In the last ca. 500 Ma of the Earth’s evolution 5 mass extinctions took place leading to the disappearance of more than 75% of species each time, in short (few Ma) geological periods. These events occurred at approximately 444 Ma (86% of species lost), 360 Ma (75%…), 250 Ma (96%…), 200 Ma (80%…) and 65 Ma (76%…), defining the end of the Ordovician, Devonian, Permian, Triassic and Cretaceous geological periods, respectively. A temporal link between the Phanerozoic LIP events and these mass extinctions has been demonstrated, with the most robust correlations being associated with Siberian Traps (252 Ma), the Central Atlantic Magmatic Province (CAMP; 201 Ma) and the Deccan Traps (66 Ma). Whilst these correlations exist, they do not prove that mass extinctions are exclusively driven by such huge magmatic events. For example, it has been long suggested that the K/Pg extinction was a consequence of the 66 Ma Chicxulub impact, or at least to the combined effect of the LIP and the impact. The climate forcing caused by LIP events has been considered highly probable, with temperature increases, directly or indirectly caused by CO2 and CH4 emissions, up to 15ºC.

Among the pairs that pass the filter of Hg (a proxy used to determine magmatic contributions to the sedimentary record) is the CAMP – end of Triassic mass extinction, the causal link being considered indisputable. The CAMP is thus an ideal candidate to draw comparisons between LIP-derived and anthropogenic-derived CO2 greenhouse emissions and establish the potential impact of the latter.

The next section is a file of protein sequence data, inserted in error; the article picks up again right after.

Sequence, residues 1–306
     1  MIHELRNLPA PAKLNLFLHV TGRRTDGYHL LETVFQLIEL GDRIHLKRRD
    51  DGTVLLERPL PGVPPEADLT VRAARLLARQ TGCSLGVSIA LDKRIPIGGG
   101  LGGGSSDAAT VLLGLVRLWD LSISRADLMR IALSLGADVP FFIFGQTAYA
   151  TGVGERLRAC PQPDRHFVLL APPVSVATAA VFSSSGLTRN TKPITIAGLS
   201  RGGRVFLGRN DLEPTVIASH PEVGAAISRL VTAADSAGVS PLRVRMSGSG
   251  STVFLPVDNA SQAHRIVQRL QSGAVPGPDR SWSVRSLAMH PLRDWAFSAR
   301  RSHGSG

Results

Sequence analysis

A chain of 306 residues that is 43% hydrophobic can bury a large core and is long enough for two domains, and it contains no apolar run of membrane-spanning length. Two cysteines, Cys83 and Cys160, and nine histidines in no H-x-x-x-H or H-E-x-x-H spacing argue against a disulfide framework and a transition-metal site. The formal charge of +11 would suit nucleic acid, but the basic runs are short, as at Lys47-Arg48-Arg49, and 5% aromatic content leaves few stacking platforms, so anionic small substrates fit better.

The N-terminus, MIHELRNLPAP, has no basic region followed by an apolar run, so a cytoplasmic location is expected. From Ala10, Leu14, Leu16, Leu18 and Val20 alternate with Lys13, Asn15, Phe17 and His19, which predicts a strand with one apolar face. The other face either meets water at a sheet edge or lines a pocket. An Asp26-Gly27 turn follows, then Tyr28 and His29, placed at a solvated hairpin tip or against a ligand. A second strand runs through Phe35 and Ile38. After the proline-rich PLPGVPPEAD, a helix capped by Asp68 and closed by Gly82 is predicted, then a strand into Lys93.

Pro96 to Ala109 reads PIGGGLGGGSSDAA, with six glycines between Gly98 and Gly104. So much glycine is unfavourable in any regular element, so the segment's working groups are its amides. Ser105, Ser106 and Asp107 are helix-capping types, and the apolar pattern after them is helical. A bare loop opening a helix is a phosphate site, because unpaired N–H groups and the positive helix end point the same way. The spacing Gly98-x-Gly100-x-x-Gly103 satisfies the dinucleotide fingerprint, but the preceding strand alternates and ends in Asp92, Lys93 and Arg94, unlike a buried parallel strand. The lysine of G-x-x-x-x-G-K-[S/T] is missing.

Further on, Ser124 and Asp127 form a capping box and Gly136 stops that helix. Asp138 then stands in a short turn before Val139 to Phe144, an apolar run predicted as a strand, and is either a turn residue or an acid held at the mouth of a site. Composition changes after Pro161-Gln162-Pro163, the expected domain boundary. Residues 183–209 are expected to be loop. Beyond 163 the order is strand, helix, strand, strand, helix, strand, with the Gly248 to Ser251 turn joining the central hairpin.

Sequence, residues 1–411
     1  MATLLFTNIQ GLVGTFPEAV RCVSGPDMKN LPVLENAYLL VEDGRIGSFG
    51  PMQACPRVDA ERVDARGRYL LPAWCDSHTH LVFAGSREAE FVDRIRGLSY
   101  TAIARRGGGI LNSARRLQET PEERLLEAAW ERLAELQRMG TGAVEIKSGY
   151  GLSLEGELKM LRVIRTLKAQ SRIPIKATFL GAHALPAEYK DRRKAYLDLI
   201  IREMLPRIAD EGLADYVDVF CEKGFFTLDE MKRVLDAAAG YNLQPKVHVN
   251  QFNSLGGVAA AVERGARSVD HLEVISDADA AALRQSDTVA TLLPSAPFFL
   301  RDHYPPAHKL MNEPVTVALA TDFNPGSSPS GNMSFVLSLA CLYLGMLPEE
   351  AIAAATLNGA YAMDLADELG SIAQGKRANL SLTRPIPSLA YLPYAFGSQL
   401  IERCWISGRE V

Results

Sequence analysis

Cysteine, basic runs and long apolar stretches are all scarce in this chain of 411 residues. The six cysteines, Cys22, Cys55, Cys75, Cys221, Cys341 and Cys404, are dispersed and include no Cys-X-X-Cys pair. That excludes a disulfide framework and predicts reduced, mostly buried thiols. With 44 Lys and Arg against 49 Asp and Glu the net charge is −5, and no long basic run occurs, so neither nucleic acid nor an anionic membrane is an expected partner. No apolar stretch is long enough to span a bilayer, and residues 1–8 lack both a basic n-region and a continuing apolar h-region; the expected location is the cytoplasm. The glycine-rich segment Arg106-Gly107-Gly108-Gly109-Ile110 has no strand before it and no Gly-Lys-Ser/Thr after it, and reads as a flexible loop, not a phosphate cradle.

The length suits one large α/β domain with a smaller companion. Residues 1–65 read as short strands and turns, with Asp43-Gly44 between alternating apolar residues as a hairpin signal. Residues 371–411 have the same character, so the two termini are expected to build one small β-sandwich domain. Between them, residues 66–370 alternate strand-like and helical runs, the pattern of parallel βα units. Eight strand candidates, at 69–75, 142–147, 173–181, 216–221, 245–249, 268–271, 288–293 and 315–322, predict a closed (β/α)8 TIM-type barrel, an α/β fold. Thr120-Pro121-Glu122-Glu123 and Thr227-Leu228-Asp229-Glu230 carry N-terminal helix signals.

Central Atlantic Magmatic Province at Middle Atlas (Morocco). Photo: Andrea Marzoli; CC license.

CO2 anthropogenic emissions surpass that of LIPs

Several attempts have been made to estimate the CO2 delivered by LIP events. A recent one took profit of the increasingly accurate knowledge of volcanic ages and it was based on a study of CO2 imprisoned in fluid inclusions of CAMP basalts (Capriolo et al., 2022).

Melt inclusions with exsolved bubbles of CO2 hosted in CAMP clinopyroxenes from a) Nova Scotia (Canada) and b) Morocco. Capriolo et al., (2020).

The CAMP was erupted and intruded in continental crust during a time lapse of 4 Ma, occupying an area of 107 km2 with a volume of 5-6 x 106 km3, plumbing system included. Taking into account the mass extinction dated at 201.654 ±0.015 Ma, this has been linked to the 1st and main CAMP volcanic phase (201.6 – 201.5 Ma). Indeed, fluid inclusions studies have provided strong evidence that, during this 1st phase, a total of 2.9 x 104 Gt of CO2 were emitted to the atmosphere, which would have had a key role on triggering the climate/environmental changes leading to the mass extinction event.

Anthropogenic CO2 emissions. CC license.

In 2023, 37.4 Gt of CO2 were emitted by human activities alone, which maintaining the same level of emissions, would correspond to 3.74 x 105 Gt of CO2 in 0.1 Ma, i.e. around 13 times the CO2 delivered by the CAMP during its main phase (which lasted 0.1 Ma). As a consequence of the anthropogenic CO2 emissions, we are presently faced with high extinction rates and population declines of many species, which has been considered as highlighting the start of a new mass extinction event.

João Mata is a researcher at the Instituto Dom Luiz, former Associate Professor at Faculdade de Ciências da Universidade de Lisboa (Portugal). His main research focused on Petrology and Geochemistry of within-plate magmatism. You can contact him via e-mail (